To avoid the crowds I suggest waiting on the Haunted Mansion until last due to the line. It is wise to hit the other three attractions as there was no line to speak of to go through those when we first got there.

A classic favorite. If you have Coulrophobia or fear of clowns (that’s right, I had to look it up too) don’t go through this attraction.

While it is not scary from a startling standpoint, there is a prominent presence of clowns. Different rooms will take you back to your childhood. One room has a hidden wall maze and another has a large ball pit to walk through.

Lastly, your mind will be blown at the end.

The Last Ride: Can’t say I had the guts to do this one. Me and confined spaces just don’t seem to mix. The gist of it is you get into a coffin and it closes and moves around. Meanwhile, all of your friends get to watch your reactions while your in the coffin with a small camera.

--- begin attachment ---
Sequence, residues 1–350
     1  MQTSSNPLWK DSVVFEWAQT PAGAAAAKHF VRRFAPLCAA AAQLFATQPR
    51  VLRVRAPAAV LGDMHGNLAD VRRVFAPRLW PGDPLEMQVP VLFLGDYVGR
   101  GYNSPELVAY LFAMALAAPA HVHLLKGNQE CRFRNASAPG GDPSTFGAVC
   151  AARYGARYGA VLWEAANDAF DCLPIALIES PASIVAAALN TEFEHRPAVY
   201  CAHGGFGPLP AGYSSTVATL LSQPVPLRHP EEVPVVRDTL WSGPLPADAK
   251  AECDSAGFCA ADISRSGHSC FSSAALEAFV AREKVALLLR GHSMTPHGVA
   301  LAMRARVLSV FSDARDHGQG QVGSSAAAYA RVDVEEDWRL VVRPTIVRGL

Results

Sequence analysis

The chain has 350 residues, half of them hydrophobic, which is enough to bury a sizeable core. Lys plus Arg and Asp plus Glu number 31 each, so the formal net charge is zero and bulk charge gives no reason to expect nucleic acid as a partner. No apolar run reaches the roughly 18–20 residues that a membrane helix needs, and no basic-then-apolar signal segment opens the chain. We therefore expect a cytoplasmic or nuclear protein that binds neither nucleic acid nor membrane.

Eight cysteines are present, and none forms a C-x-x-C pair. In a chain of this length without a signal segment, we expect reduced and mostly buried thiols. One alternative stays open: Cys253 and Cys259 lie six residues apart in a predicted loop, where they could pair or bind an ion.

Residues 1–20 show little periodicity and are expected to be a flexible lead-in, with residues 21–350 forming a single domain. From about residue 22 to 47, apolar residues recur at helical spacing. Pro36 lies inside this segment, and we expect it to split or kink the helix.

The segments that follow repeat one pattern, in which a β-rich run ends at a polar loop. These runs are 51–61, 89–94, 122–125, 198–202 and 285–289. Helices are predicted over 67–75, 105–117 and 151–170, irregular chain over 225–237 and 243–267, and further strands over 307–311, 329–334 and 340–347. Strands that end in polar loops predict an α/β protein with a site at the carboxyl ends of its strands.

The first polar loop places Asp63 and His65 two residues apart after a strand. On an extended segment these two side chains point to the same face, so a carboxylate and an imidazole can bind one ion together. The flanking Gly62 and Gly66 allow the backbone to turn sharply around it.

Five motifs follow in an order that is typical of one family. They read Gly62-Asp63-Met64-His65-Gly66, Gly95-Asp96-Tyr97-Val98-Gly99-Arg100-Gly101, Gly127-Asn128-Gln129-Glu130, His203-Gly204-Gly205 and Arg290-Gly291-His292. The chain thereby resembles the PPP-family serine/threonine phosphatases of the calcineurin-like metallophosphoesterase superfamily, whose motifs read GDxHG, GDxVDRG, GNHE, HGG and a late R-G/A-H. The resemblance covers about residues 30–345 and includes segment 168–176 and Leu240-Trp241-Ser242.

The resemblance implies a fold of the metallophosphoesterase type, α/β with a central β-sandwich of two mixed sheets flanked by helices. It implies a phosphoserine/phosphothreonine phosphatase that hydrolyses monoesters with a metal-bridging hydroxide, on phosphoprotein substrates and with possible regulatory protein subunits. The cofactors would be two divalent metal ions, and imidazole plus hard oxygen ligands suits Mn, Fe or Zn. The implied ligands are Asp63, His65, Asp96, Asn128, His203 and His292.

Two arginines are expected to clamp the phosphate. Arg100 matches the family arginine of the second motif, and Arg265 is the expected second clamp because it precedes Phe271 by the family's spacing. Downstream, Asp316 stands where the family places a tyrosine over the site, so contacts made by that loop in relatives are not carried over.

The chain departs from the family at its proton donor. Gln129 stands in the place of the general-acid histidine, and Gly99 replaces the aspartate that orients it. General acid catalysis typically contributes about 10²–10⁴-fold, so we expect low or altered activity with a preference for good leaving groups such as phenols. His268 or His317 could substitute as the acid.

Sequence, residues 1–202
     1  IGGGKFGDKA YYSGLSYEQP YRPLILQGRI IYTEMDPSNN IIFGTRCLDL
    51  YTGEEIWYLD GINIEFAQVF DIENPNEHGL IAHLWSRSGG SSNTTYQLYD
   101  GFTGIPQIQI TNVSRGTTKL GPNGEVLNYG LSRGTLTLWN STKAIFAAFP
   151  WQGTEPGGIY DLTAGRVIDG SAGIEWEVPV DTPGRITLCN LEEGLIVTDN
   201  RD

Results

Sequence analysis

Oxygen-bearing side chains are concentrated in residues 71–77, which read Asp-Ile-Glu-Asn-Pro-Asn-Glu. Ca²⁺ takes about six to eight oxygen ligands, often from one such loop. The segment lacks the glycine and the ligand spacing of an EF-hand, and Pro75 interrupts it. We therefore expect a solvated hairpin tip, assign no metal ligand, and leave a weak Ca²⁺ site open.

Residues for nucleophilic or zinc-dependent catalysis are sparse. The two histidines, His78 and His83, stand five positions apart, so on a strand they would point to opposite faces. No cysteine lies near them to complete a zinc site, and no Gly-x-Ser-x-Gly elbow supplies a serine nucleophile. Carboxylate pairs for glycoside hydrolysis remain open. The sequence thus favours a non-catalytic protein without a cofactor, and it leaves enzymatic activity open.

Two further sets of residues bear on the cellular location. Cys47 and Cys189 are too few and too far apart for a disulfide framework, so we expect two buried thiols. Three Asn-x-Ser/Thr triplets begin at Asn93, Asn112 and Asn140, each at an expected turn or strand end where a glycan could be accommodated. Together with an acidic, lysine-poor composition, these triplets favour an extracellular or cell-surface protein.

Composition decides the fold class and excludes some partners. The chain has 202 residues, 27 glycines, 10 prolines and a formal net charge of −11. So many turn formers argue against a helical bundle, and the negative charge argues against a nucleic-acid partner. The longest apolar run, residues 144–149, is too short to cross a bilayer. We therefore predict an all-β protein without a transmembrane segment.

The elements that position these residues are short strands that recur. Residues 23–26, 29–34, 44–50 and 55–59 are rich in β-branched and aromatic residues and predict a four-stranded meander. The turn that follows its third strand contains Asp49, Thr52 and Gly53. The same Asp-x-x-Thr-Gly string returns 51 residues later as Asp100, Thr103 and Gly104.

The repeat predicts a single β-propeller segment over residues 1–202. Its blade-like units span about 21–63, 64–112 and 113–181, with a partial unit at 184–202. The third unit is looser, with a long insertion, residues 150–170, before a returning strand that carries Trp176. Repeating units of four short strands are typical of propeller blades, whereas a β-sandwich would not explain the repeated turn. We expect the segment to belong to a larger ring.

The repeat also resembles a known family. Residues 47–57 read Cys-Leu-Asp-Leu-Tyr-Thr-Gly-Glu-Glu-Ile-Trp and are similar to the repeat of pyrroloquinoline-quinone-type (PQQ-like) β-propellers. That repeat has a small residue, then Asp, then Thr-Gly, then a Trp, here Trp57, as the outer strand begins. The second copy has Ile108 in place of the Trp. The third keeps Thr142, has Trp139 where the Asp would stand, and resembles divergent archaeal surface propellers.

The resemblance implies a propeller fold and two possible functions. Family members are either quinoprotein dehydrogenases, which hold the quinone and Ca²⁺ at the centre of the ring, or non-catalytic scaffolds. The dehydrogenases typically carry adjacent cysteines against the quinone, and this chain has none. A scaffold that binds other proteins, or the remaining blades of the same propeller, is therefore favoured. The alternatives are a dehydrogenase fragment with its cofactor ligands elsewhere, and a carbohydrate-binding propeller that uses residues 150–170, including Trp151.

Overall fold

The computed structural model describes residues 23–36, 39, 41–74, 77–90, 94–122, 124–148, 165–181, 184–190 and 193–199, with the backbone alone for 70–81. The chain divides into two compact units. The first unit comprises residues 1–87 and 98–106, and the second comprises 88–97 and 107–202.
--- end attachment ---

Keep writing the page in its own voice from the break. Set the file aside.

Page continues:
Haunted Well of Souls: A truly dark experience as you venture down into the depths of the mansion to see what awaits you in the dark and damp basement of one of the oldest buildings in Loudoun County.

When I say dark, I mean can’t see your hands in front of your face dark. So, are you afraid of the dark?

You will soon find out, if you dare to enter.

Haunted Mansion: This is possibly the best haunted house I have visited in years. There is a whole story accompanying you through the house, which is a nice addition.
We had the pleasure of being joined by a couple who came all the way to Loudoun County to visit Paxton Manor.

Needless to say they made the experience more fun with her frequent screams.

The mansion features an elevator, zombies hiding behind hidden walls and a scarred up hospital staff.

-Note: Make sure you visit with Jimmy while waiting in line.

– Andrew Sharbel

Haunted Forest at Halloween Woods